By MV Kamath
Pakistan: Identity and Destiny, Javed Jabbar, Har-Anand Publications, Pp 196 (HB), Rs 495.00
Javed Jabbar is a remarkable personality. In the first place he is a scholar of distinction. He lectures at leading universities, research centres and Think Tanks in Pakistan as well as overseas. In the second place he has been in politics, though one hesitates to call him a politician, despite the fact that he has served as Minister in three Federal Cabinets of Pakistan, including tenures with Benazir Bhutto, Meraj Khalid and Gen. Musharraf and as a Senator for a 6-year term.
This book he has written was first published in Pakistan and, truth to say, it was primarily intended for fellow Pakistanis, with three clear aims: One, to make the people of Pakistan, specially the younger generations, more aware of certain aspects of their nation’s origins; two, to make the world at large more aware of these very same facts and three, to explore the possibility of there being a relationship between unique origings and the making of a unique destiny.
In his introduction to the book Jabbar clearly lays down his vision. Says he: “In 2011 and in the years ahead, all three states – Pakistan, Bangladesh and India – and other states in South Asia need to strengthen their commitment to building stable friendship and peace between themselves, within the region and in the world at large. Each nation and nation-state deserves respect and, in turn owes respect to all other nation and nation-states, as part of a larger shared humanity”. What a beautiful, heart-warming thought! Let it be straight – away, said: Jabbar is obviously not one of those who have a professional and ideological hatred towards India – and Hindus. In part he is critical of his own country’s politics and policies.
His total frankness is not only admirable, but deeply touching. It is not that he is self-condemnatory, as many Indian intellectuals are, for the fun of it. Even when he is critical of his country he takes pain to say that “the overwhelming majority of Muslims throughout the country respect all non-Muslim faiths”, which may raise some eyebrows in India and the world at large. Only recently six Hindus were killed in Karachi for no clear reason. So is Jabbar trying to pull a fast one on his readers? Jabbar does say that Pakistan suffers from a severely flawed public education sector at the primary, secondary and college level and that curriculum content, quality of text books etc call for examination.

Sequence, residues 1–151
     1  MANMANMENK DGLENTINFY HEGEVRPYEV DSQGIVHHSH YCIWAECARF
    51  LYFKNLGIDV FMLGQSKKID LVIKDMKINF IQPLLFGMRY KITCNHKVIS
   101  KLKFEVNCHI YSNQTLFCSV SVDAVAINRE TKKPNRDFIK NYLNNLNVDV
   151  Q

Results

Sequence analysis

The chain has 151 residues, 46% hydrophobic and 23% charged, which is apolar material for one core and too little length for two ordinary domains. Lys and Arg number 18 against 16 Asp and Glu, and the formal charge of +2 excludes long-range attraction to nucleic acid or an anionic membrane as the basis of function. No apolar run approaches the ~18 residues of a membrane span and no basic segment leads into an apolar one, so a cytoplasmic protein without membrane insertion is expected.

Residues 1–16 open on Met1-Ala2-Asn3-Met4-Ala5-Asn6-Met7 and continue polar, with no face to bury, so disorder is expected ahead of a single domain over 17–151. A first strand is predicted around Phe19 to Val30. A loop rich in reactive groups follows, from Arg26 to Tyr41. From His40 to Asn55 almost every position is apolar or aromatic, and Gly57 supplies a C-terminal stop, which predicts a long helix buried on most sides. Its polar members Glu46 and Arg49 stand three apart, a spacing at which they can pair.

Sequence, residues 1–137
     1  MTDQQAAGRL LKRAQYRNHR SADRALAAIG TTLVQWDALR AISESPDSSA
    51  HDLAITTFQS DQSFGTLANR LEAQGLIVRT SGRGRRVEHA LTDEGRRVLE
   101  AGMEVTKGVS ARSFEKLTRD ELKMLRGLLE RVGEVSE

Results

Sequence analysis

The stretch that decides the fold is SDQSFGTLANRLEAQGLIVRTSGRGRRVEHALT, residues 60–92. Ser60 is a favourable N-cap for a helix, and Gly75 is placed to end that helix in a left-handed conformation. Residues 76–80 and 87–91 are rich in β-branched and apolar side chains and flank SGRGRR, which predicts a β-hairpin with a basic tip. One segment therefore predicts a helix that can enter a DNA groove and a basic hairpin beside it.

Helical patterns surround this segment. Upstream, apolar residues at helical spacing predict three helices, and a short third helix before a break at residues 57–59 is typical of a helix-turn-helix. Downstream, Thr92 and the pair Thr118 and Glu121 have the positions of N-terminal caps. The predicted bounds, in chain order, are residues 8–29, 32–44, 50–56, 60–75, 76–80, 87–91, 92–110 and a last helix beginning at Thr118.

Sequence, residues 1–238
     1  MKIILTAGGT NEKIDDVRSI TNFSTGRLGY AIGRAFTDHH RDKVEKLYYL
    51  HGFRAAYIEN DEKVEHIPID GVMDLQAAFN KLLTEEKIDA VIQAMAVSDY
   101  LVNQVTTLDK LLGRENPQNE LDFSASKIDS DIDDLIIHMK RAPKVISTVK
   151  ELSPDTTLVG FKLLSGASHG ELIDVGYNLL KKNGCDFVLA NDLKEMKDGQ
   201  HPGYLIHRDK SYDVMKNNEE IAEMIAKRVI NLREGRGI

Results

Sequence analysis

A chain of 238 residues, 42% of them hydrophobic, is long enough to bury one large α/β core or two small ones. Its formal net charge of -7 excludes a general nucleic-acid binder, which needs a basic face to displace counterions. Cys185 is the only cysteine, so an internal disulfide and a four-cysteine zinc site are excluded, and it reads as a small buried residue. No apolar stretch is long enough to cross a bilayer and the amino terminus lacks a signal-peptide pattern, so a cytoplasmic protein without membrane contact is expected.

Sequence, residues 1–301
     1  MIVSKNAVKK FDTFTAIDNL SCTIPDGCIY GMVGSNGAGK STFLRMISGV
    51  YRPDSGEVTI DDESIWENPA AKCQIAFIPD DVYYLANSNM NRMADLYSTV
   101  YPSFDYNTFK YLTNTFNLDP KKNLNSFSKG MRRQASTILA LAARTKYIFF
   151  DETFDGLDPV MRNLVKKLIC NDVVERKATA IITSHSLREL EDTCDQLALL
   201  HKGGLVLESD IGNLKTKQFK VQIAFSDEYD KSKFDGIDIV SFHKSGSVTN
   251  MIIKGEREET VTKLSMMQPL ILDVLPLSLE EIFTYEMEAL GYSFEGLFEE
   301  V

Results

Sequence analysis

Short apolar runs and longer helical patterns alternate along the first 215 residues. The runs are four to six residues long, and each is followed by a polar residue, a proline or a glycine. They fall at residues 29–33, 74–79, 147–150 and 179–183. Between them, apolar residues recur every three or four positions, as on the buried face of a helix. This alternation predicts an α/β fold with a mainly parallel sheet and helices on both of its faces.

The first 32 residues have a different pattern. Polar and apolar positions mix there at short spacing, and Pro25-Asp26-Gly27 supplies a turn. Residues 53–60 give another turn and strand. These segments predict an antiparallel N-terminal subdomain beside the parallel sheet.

Could he possibly have had in mind a statement made by an American think tank about the manner in which India and Hindus are rubbished in Pakistani text books? He admits that “during the 11-year tenure of General Zia-ul-Huq (1977-1988)” a crude attempt was made to misuse religion in order to provide a cover for sheer personal freed for power” and “the violent, divisive and obscurantist effects of that era continue to spawn destructive ferment in present-day Pakistan”. Will Pakistan ever change? Let this be said: Unquestionably the best part of the book is Chapter VIII dealing with Pakistan’s possible unique destiny in which Jabbar lays down what needs to be done by each Pakistani citizen to build “a rational, compassionate society, guided by knowledge and the values of humanism inherited through history” to move closer to the ideal Pakistan. To attain this, he says this “can only be taken if Pakistan resolutely remains a democratic nation-state, governed by a civil, elected political system”. Poor Jabbar. He is living in a dreamland.
Fancy the Pakistan Armed Forces willing to retire to their barracks and their leaders bending down to take orders from an elected government! Just because there were some rumours of late of a possible army take-over of the government, the army bosses reportedly summoned both the President and Prime Minister of Pakistan to give an explanation. Surprisingly, Jabbar has little or nothing to say about how to improve Indo-Pak relations. His book, for all we know, will remain a cry in the wilderness. But for all that it is heartening to know that there still exist – if only in the minutest numbers in Pakistan persons who are not tainted with hatred of India and cry, as Musharraf often does, that unless “the core issue” of Kashmir is settled no peace is possible between Pakistan and India. Sure, Jabbar is understandably a little critical of India on the Kashmir issue or how can he claim to be a Pakistani? Only, he does not seem to have a workable plan to improve Indo-Pak relations, which is a pity. In a rapidly changing world it should be able to put the Kashmir issue on the back-burner and get on with trade and commerce at a faster pace. There, may one aver, lies the way to peace and resolving all outstanding differences between the two countries. Think over it, friend!
(Har-Anand Publications, E-49/3, Okhla Industrial Area, Phase_II, New Delhi-110 020)